Historical Reminiscing with Robert B. Hitchings
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I love old houses. If walls could talk, just think what stories they could tell about the former owners. Ever since I was a small boy I liked old houses. Maybe it's because I was always around these old special gems, especially in Norfolk County and Princess Anne County.  

One of the first old houses that I remember from my childhood was at the intersection of Shore Drive and E. Little Creek Road.  The house was located at 4236 E. Little Creek Road and belonged to Mrs. Addie Burman Henna (1884-1961). Close by there was a service station called Henna Gas station and just a block away was a large trailer park. This old house stood tall, an old white country farm house. At the four corners of the house were bricks 25 to 30 inches tall which looked as if they were holding up the structure. I was amazed at the crawl space underneath the house where the chickens would run and hide. As a little boy, about the age of 5 or 6, I can remember making that Sunday drive with my parents or with my Aunt Elvie Butt to visit family and friends.

To get to Virginia Beach from Norfolk we would go by way of Little Creek Road and Shore Drive. On the way back my aunt often wanted to stop in at this old two-storied country house, then an antique shop.  The house was leaning and the floors boards were large and uneven. On the first floor there were fireplaces on each side of the house and I remember there were several glass counters with small items in them. And a very large brown spinning wheel sat in the corner. Looking back, I remember old hurricane lamps with their tall clear glass chimneys sitting in the 1st floor windows. The old house had a screen door that banged when customers would enter and exit. I can't remember seeing a sign of the store’s name. It was just an old antique junk shop.

While my parents or Aunt would go inside, I was outside sitting on the old wooden steps all alone. But I remember playing with the chickens who lived under the house. They would come out and run back in. Oh, how I enjoyed playing with the chickens. And sometime little chicks would pop in and out too.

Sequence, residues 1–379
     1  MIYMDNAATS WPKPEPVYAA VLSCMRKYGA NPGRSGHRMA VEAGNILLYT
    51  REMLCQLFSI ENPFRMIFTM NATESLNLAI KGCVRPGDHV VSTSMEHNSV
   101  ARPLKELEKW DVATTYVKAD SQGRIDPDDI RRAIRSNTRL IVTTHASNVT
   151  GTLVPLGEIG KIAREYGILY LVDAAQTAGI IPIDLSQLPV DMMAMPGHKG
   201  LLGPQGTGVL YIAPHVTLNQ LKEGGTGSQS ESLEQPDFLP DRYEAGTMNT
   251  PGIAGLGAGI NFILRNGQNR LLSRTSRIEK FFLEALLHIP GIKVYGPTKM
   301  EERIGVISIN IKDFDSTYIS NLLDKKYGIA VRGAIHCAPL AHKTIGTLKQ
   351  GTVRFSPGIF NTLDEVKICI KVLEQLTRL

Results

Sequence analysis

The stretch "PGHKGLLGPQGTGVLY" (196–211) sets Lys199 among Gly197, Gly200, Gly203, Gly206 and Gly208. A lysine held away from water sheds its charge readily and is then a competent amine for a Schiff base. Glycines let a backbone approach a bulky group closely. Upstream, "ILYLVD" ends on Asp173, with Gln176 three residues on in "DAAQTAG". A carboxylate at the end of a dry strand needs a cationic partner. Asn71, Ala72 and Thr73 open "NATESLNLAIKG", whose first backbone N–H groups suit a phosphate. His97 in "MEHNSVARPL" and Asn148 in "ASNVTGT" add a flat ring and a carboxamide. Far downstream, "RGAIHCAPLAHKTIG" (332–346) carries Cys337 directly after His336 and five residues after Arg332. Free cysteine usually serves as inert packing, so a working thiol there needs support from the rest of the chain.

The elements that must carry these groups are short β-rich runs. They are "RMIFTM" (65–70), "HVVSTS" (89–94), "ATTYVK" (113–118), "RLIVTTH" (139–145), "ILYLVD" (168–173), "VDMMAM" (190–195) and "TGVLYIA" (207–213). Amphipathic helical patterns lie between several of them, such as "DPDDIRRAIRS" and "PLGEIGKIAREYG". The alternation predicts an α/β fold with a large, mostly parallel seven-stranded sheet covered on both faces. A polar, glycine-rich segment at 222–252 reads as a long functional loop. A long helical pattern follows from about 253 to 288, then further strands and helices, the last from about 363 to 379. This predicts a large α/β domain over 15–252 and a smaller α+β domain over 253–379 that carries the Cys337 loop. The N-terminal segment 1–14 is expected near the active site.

This land was part of Princess Anne County. In 1958 Norfolk annexed 13 acres of land that included the Amphibious Base which was once the family estate of former Governor Littleton Tazewell (1774-1860). The estate or farm was called Sand Hills because of the small sand dunes. In WWII, the U. S. government needed this land. Captain Johnny Parks Tazewell (1920-2016), my neighbor across the street, told me the family did not get the top price for the land due to the great depression and the war. Many old Princess Anne County families in this area are named in my family tree. I am related to the Tazewell, Whitehurst, Gray, Stringers and the Ironmonger families. And this is the section of Princess Anne County where they lived. Family cemeteries were on the farms close by.

When the real estate developers were laying out East Beach in 2010, they needed names for the new streets. I was contacted by a representative of Judy Boone Reality Company. At the time I was working at the Sargeant Memorial History Room, Old Kirn Library, and was able to supply them with not only a map of the land, but family names that occupied this farm land so long ago. I do not think they used any of these names for streets.

When I am reminiscing about my adventures as a child, this old farm house and the Sunday trips to Virginia Beach have always stood out.  I am amazed that within a few short years after the 1958 annexation, businesses moved in and the area grew rapidly. The house I was so fond of as a child disappeared one day and was gone forever.

Today a modern a 7-Eleven convenience store stands in its place.

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Robert B. Hitchings is a seventh generation Norfolk resident, graduating with an Associate's Degree in Biology from Old Dominion University and BA in history from Virginia Wesleyan University. During his studies he was awarded a scholarship at Emmanuel College, Cambridge, England, and he was an exchange student at Brooks-Westminster College, Oxford, England. From 1999-2014 he worked as head of the Sargeant Memorial History Room at Norfolk Public Library, and since then has headed the Wallace History Room at Chesapeake Public Library. He is also the President of the Norfolk County Historical Society, and for six years was a columnist for The Virginian-Pilot. Robert may be reached at nchs.wallaceroom@gmail.com